The programmes hadn’t arrived, so (most unusually for the Donmar) we got a simple black and white printed A4 foldy. Standards.
The play was very good indeed, though, as was the cast. The usual high production values for the Donmar too.
A bit slow, but then this IS a 19th century Russian story and it IS Brian Friel, whom we like very much, btw.
The critics on the whole shared our enjoyment of it – click here for a link to reviews.
In short, this was a good’n.
Mercifully Janie didn’t go off on one of her, “isn’t that basically an Indian theorbo thing” at the sight of a sarod…
…which is a bit odd, really, because I suspect that the sarod is a much closer relative to the theorbo than Janie’s mystery punter outburst about the “basically Chinese theorbo thing” aka the pipa:
William Carter, Theorbist Extraordinaire’s Mystery Punter Outed, 24 September 2010
So how early an instrument is the sarod?
Well, if you accept that it is basically a rubab, very old indeed. And very lute-like.
Amjad Ali Khan believes that the modern form of the instrument was developed by his family in the late 18th or 19th century, seven generations ago. Amjad Ali Khan was our man of the evening (along with his kin) so who are we to argue with that.
Here is a link to the Wigmore Hall stub for this concert.
Below is a vid of a similar concert recorded a few months later, including Amjad Ali Khan with both sons who played that night in July, but I think a different tabla player. This is a truly lovely vid/recording:
We find this type of music incredibly relaxing…
…and assume it is meant to be relaxing…
…so it was not a bad thing to both nod off at times in a late night (22:00 start) gig at The Wig.
We loved this concert. revived, we also stuck around for a while to see the jazz in the bar: Dave O’Higgins Quartet – click here for listing – post bop, apparently, which was cool.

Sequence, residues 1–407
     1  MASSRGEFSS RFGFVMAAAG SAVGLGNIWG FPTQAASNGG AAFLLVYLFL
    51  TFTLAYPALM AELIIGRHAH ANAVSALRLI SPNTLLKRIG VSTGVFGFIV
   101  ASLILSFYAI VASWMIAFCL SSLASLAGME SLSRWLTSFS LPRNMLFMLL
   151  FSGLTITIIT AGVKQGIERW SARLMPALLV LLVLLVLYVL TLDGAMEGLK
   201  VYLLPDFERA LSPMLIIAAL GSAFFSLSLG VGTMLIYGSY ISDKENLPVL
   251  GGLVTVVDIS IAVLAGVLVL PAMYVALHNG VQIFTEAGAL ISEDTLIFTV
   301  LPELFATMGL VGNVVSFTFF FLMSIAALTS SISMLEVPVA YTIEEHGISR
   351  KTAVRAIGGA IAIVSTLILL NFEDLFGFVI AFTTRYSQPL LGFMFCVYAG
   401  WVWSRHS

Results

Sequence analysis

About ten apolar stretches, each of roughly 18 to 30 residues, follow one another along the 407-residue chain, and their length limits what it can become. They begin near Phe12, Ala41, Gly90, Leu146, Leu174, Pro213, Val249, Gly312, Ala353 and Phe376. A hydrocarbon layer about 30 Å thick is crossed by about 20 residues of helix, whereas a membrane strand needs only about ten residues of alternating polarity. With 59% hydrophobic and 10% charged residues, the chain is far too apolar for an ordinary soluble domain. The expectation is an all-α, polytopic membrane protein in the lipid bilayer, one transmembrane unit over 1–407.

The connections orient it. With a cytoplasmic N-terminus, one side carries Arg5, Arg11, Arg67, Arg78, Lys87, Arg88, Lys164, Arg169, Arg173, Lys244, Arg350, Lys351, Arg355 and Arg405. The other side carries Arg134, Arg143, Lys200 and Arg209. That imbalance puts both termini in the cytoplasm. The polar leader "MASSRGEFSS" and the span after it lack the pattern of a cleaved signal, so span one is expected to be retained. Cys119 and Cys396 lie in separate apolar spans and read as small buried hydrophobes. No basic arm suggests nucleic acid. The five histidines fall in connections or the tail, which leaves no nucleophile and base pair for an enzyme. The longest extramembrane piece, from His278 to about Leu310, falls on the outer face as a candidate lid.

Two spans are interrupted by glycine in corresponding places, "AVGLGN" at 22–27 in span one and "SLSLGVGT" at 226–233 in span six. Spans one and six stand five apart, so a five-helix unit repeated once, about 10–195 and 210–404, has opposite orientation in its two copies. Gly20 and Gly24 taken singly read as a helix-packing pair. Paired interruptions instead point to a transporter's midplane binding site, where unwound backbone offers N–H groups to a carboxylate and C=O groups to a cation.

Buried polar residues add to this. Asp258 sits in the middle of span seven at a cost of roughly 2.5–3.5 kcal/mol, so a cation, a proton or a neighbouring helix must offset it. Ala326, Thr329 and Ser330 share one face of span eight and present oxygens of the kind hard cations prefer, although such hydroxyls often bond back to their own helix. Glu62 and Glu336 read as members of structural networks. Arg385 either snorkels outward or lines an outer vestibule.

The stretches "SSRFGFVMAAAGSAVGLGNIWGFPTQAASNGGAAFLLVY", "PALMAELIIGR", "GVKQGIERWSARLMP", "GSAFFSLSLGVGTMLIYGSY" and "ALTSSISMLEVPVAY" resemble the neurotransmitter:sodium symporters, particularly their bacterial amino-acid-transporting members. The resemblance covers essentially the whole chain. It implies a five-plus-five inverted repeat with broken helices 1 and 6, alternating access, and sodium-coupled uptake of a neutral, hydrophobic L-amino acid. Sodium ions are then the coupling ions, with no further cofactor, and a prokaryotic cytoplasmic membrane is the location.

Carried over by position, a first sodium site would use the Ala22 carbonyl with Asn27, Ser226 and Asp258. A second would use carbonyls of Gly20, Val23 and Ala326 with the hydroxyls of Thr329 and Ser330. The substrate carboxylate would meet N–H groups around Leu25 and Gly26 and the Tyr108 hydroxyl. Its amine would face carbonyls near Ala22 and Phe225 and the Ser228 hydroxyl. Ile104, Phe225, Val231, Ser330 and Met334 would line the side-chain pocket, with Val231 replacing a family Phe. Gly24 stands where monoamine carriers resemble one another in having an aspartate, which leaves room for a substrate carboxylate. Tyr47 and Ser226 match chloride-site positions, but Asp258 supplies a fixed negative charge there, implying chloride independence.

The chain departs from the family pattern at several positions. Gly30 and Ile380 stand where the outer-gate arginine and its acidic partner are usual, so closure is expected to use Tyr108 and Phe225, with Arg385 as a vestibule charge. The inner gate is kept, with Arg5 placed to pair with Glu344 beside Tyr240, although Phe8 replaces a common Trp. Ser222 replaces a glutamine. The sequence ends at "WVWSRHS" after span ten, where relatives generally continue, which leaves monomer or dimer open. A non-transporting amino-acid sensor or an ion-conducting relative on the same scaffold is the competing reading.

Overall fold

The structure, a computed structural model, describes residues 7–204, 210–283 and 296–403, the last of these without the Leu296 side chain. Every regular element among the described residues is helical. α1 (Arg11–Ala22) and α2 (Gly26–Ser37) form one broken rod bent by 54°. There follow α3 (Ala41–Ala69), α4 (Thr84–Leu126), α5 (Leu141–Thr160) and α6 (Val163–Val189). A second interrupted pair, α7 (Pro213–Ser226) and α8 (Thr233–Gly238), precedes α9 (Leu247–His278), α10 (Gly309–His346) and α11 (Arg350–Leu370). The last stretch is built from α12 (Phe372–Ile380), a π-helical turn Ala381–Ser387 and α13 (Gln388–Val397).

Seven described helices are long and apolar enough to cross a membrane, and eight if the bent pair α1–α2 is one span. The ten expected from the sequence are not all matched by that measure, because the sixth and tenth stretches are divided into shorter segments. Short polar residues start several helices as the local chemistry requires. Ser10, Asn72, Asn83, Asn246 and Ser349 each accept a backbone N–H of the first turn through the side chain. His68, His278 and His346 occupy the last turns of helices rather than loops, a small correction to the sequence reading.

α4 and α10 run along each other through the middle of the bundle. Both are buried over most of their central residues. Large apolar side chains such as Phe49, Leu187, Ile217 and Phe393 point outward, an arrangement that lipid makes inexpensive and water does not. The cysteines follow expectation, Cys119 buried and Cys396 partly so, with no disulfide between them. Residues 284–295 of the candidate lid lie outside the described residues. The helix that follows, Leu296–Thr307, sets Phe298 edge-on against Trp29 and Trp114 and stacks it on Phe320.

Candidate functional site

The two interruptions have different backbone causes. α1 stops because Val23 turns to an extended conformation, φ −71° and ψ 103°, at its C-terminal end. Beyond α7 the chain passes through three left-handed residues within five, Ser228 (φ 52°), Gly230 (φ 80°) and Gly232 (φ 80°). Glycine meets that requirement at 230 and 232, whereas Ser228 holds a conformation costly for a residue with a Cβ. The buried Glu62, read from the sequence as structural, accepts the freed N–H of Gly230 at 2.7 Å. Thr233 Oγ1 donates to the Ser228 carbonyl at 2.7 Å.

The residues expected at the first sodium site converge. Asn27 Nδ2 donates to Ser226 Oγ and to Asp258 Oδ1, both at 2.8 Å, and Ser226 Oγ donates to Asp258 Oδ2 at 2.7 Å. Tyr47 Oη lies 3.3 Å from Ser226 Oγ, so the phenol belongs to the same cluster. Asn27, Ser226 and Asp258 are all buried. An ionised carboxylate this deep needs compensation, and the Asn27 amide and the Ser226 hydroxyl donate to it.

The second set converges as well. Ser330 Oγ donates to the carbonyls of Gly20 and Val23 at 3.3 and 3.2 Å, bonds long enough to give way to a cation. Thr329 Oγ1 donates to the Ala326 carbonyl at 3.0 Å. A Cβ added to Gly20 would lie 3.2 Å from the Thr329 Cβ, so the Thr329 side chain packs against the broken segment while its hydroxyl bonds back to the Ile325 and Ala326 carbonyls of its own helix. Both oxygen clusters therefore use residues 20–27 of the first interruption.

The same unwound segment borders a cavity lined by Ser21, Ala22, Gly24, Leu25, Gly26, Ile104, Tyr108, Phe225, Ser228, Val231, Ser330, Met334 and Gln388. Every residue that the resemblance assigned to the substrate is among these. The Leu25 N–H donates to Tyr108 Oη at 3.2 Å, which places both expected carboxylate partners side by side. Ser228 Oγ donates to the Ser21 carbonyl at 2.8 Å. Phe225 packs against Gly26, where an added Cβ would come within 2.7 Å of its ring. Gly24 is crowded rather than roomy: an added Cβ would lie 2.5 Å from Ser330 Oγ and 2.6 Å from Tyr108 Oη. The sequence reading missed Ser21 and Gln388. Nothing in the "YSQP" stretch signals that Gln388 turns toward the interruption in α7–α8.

I could quickly and easily run out of adjectives to describe this concert…it was that good.
Our reluctance to go to Thursday evening concerts at that time (we were both still working full pelt) was mitigated by the promise of baroque music with a jazzy feel.
Also, we were both keen to see Philippe Jaroussky; he had impressed us so much on previous sightings/hearings.
Here is a link to the concert programme for the night.
It was mostly Purcell music from L’Arpeggiata’s then latest album Music For A While.
We ran into Eric Rhode that night, who (like some of the critics,, it turned out) wasn’t so keen on Music For A While. But Eric told us that L’Arpeggiata’s album Los Pajaros Perdidos was exceptional, so I procured both albums…
…and was so pleased with them that I ended up pretty much buying L’Arpeggiata’s back catalogue, all of which sounds delightful and we still listen to those albums a lot – especially Los Pajaros Perdidos, which, unlike the album Music For A While, is all about Philippe Jaroussky, who was on top form for that album.
Here is a short teaser vid which gives you a reasonable idea of the Music For A While album:
As for that concert in July 2014, it truly was a special evening at the Wigmore Hall for me and Janie.
This is the sort of play/production that reminds us why we like the Bush so much.
The play is set in Barbados and London; the play is a mature drama, full of insight into Bajan life and culture. Robin Soans has previous of course – not least Life After Scandal…
Life After Scandal by Robin Soans, Hampstead Theatre, 21 September 2007
…but this play is quite different as when we had seen his previous work it had been verbatim theatre before this play.
Here is a link to the Bush’s resource on this play/production.
Excellent cast, excellent production. Janie and I were discussing the issues and the relative merits (and demerits) of the characters deep into the weekend.
Below is a trailer:
More interesting, here is a short interview with Robin Soans and director Madani Younis:
Finally, here is a link to a search term that finds the (mostly excellent) reviews.